The London Knights left winger had an elite crowd to hang with in Helsinki, but the American didn’t shrink from the challenge. Now Tkachuk can head back to the OHL with a medal around his neck.
HELSINKI, FINLAND – It has been the year of the draft phenom at the world juniors. Auston Matthews flirted with an American goal-scoring record, Alexander Nylander put up points in his injured brother’s stead, while Finland got gigantic performances from Patrik Laine and Jesse Puljujarvi (my choice for tourney MVP).
But let’s not forget Matthew Tkachuk. The American left winger ended his tournament on a high note, posting up two goals and three points in an 8-3 wiping out of Sweden, winning himself a bronze medal in the process. With his size, smarts and skills, Tkachuk is firmly entrenched in the top-five for me, with Nylander behind him (and perhaps Jakob Chychrun, though being the only defenseman in the conversation may help him on draft day).
“He’s extremely intelligent,” said one NHL exec. “Very competitive, goes to the tough areas like his old man (ex-NHLer Keith Tkachuk). It’s instinctive and he gets rewarded for it.”
Playing on a line with Auston Matthews last year at USA Hockey’s National Team Development Program made for an easy decision at this year’s world juniors. The two were reunited, first with elite scorer (and also a 2016 prospect) Alex DeBrincat and then with Ottawa Senators pick Colin White, of Boston College. Matthews and Tkachuk were happy to be back together in Helsinki.
“It’s pretty fun, honestly,” Matthews said. “He’s such a smart player and loves to get into it and work hard. He’s one of my best friends, so it’s been fun playing with him last year and at this tournament.”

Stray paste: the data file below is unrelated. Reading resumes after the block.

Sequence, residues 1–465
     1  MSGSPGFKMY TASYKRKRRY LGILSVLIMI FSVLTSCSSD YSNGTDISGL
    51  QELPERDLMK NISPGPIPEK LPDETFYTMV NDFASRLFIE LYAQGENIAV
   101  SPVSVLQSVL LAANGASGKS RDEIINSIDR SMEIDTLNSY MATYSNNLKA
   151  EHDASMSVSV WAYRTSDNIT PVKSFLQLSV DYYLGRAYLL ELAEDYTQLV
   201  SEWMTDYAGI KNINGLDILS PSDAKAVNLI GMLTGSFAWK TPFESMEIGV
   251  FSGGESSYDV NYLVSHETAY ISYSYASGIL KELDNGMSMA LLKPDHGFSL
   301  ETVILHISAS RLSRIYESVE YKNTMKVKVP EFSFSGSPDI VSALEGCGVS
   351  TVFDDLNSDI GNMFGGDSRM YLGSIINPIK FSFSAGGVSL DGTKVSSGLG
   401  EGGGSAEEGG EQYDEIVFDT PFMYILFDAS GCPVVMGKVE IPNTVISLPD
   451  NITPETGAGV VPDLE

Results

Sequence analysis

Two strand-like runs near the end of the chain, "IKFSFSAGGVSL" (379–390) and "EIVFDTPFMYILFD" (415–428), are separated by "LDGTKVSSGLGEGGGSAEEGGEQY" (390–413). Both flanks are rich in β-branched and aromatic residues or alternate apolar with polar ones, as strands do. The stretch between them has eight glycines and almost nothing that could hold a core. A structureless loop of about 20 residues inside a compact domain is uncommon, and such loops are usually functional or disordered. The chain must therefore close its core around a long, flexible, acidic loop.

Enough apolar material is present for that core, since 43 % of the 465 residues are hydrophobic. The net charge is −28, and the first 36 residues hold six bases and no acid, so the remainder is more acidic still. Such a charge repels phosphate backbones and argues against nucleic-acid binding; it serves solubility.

Originally bound for Notre Dame, Tkachuk instead headed to the OHL’s London Knights, a near-constant powerhouse that loaded up over the summer, adding J.J. Piccinich (Toronto), Kole Sherwood (Columbus) and Max Jones (2016) to an already impressive roster also featuring Mitch Marner (Toronto) and Christian Dvorak (Arizona). Oh, and don’t forget rookie Finnish import Olli Juolevi, another hot 2016 prospect who is patrolling the Suomi blueline in Helsinki.
Tkachuk has been a natural fit, piling up points for the Knights and challenging for the league scoring crown with 59 points in 29 games, currently good for third overall. But his new squad has helped in different ways.
“Not only offensively, but defensively I’ve really learned a complete game,” he said. “We’ve got a great team, I’m playing with great players and it really was the best decision for me to get to the NHL as fast as I can.”
And to be honest, that could be as soon as next season. A December birthday, Tkachuk has already turned 18, so he’ll have a bit more growth under his belt than the average prospect once the 2016-17 NHL campaign begins.
Though the Tkachuk-Matthews-White line couldn’t get on track against Russia in the semifinal, the trio dominated most other times.
“I just think it’s the fact we have three guys on the puck at all times,” Tkachuk said “We always have somebody in a defensive posture where, if something does go wrong he’s back and can steal it, throw it back to us behind the net. And just 2-on-1ing guys, overloading and keeping the puck on our sticks, moving it to each other.”
Part of a growing cohort of prospects coming out of the St. Louis area, Tkachuk is proud of his fellow Missouri products and though the city lost out on a host bid for the 2018 world juniors to Buffalo, it’s definitely an area to watch thanks to the local grassroots army. Some of the most prominent supporters are ex-Blues who stuck around, such as Keith Tkachuk, Jeff Brown and Al MacInnis. Not coincidentally, Logan Brown looks like a first-rounder in 2016, while Ryan MacInnis won bronze alongside Tkachuk this year and is an Arizona prospect. Two other kids from the area, Luke Kunin (2016) and Luke Opilka (St. Louis) will likely be on Team USA for next year’s WJC tournament in Canada.
“The growth in St. Louis is huge right now and it’s because of the Blues, because of all the past players that are there helping,” Tkachuk said. “Youth hockey has gone through the roof there.”
And being able to point to a top-five NHL draft pick as a native son can’t hurt for the future, either.